QST LA 450: Law and Risk Management
Takes a closer look at the legal issues surrounding businesses, from purchasing contracts, rights and responsibilities for breaches of those contracts, commercial financing, the Uniform Commercial Code, bankruptcy, products liability, real estate and more. The emphasis is on understanding legal issues as a component of good business planning. Group work to draft contracts and leases and negotiate terms.
QST LA 498: Law Directed Study
Directed study in Law. 2 or 4 cr. Application available on Undergraduate Program website.
QST MF 600: Math Refresher
The Mathematical Finance Program has a very strong quantitative component, one which many incoming students underestimate. Although students admitted to the program have satisfied the prerequisites in Mathematics, the program's prerequisites represent the minimal, not the optimal, background required. Even if you have learned the topics required as prerequisites, reviewing these concepts immediately prior to the start of the program could be enormously helpful and will certainly increase your chance of success in the program. The course will begin with a review of matrix algebra, then proceed to examine the role of calculus in comparative static analysis. Following this, unconstrained and constrained optimization will be covered using multivariate calculus. The second half of the class deals with dynamics, beginning with a review of integration, and continuing with first- and higher-order differential equations.
QST MF 601: Launch Week
Mathematical Finance Launch Week is a combination of orientation activities, academic sessions, and career preparation designed to give students a foundational knowledge of the Mathematical Finance program. The week will include training on various tools students will need for the program, professional development sessions, and social gatherings.
QST MF 702: Fundamentals of Finance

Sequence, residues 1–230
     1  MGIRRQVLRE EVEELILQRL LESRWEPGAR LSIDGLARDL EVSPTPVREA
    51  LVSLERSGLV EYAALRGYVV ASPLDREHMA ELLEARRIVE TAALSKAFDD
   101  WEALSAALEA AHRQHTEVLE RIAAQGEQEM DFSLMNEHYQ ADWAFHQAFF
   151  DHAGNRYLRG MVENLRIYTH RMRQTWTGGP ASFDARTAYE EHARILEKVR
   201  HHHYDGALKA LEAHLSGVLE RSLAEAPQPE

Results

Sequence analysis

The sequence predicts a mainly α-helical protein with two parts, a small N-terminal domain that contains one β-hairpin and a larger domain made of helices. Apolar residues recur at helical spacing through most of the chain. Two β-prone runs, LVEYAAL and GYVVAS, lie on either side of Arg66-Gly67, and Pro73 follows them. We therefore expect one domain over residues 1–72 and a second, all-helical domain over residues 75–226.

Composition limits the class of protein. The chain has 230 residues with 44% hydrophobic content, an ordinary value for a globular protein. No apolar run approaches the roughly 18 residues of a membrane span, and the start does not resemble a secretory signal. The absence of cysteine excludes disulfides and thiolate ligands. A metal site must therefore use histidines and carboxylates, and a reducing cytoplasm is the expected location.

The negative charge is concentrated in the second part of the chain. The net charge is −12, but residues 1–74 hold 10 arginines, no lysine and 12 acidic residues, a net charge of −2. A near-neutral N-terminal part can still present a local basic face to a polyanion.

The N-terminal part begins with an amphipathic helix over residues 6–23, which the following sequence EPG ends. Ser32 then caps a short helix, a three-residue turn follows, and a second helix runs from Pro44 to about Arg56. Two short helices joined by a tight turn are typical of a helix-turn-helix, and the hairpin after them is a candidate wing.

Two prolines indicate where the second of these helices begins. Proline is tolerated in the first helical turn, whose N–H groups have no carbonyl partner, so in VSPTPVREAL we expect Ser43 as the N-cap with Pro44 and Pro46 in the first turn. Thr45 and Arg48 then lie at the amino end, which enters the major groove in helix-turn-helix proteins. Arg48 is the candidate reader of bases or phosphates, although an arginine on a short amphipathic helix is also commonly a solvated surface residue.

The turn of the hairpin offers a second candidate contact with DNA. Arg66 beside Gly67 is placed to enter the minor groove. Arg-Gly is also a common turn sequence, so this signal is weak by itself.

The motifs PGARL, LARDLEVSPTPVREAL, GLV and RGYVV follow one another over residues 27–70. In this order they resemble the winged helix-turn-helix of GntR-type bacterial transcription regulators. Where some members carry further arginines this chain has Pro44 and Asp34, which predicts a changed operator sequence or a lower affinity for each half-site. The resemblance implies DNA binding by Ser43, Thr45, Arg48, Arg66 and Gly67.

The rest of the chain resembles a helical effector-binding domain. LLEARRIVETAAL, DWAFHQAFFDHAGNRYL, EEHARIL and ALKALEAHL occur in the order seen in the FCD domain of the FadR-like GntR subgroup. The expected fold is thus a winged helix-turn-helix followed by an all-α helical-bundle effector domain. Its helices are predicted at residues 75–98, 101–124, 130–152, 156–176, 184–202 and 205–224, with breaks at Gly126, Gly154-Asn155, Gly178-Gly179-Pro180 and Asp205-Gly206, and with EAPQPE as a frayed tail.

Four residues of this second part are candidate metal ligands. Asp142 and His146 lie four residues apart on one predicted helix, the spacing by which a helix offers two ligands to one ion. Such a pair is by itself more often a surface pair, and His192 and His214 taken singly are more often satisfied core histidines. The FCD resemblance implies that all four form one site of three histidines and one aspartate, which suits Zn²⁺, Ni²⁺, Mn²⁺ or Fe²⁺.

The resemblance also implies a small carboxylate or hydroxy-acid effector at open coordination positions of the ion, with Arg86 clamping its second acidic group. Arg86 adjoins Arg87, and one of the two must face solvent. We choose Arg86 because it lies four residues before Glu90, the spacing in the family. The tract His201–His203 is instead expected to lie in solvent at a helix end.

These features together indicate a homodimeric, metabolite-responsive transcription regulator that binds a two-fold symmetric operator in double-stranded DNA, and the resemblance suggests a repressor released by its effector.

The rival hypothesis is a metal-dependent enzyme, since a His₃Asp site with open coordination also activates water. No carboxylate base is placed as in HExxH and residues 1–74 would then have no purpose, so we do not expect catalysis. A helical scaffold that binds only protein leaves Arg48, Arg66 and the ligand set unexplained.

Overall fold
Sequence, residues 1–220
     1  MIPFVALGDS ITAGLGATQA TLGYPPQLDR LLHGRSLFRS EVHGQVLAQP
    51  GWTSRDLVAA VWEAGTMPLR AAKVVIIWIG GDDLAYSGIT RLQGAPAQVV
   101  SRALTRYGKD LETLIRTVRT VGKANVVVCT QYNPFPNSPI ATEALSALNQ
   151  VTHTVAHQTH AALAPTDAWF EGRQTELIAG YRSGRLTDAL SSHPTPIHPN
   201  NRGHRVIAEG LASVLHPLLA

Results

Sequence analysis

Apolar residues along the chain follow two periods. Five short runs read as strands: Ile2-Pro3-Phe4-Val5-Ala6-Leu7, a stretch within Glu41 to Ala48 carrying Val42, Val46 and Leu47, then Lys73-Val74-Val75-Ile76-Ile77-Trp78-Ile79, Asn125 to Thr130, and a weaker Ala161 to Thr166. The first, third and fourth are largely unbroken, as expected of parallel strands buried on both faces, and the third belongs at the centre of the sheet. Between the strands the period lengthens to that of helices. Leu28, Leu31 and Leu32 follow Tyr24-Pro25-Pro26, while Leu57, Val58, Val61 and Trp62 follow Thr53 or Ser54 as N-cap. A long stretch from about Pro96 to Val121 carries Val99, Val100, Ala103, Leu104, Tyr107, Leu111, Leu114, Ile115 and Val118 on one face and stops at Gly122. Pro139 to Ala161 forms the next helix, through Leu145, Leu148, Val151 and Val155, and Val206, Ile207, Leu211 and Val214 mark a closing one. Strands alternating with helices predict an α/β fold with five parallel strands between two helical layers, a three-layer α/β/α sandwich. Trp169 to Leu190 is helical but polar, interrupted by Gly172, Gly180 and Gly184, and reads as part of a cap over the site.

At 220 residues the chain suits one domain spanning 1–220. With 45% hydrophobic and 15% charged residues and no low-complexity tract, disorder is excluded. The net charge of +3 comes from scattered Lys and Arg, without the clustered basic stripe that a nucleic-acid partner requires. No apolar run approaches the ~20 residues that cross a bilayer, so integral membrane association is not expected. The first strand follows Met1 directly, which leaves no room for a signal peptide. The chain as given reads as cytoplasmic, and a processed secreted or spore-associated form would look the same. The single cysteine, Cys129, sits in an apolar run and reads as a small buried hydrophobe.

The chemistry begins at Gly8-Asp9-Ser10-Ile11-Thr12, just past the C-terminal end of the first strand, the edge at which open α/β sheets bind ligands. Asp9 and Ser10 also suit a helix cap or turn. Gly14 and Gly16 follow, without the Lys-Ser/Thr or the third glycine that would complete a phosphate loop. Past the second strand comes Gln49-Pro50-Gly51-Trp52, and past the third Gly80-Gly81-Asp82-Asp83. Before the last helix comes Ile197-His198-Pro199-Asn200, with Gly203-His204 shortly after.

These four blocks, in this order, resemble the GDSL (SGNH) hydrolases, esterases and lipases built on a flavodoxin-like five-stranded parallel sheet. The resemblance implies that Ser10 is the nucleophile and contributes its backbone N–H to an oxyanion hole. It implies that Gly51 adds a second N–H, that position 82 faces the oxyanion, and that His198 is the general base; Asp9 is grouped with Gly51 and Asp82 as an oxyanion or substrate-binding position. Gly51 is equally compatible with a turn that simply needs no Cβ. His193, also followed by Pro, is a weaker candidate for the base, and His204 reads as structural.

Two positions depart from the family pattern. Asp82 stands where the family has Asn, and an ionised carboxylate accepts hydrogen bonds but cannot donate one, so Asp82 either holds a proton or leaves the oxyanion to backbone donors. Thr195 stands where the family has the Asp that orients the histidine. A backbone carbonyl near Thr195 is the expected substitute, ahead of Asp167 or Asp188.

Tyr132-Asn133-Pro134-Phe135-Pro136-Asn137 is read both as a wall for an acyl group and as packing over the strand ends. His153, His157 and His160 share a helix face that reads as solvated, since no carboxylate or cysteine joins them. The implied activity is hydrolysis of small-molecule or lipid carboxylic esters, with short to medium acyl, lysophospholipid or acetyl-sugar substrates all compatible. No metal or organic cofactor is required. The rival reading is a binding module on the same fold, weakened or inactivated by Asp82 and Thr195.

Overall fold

This course covers such topics as: financial markets (bonds, stocks, derivative securities, forward and futures contracts, exchanges, market indexes, and margins); interest rates, present value, yields, term structure of interest rates, duration and immunization of bonds, risk preferences, asset valuation, Arrow-Debreu securities, complete and incomplete markets, pricing by arbitrage, the first and the second fundamental theorems of Finance, option pricing on event trees, risk and return (Sharpe ratios, the risk-premium puzzle), the Capital Asset Pricing Model, and Value-at-Risk.
QST MF 703: Programing for Mathematical Finance
In-depth discussion of object-oriented programming with Python and C++ for finance and data applications. Topics include built-in-types, control structure, classes, constructors, destructors, function overloading, operator functions, friend functions, inheritance, and polymorphism with dynamic binding. Case study looks at the finite differences solutions for the basic models of financial derivatives; as well as the design and development of modular, scalable, and maintainable software for modeling financial derivatives.
QST MF 728: Fixed Income Securities
The course focuses on the valuation, hedging and management of fixed income securities. Fixed income instruments are by far the most important asset class in financial markets. Basic theoretical and empirical term structure concepts are introduced. Short rate models and the Heath-Jarrow-Morton methodology are presented. Market Models and their application for the valuation of forwards, swaps, caps, floors and swaptions, and other interest rate derivatives are discussed in detail.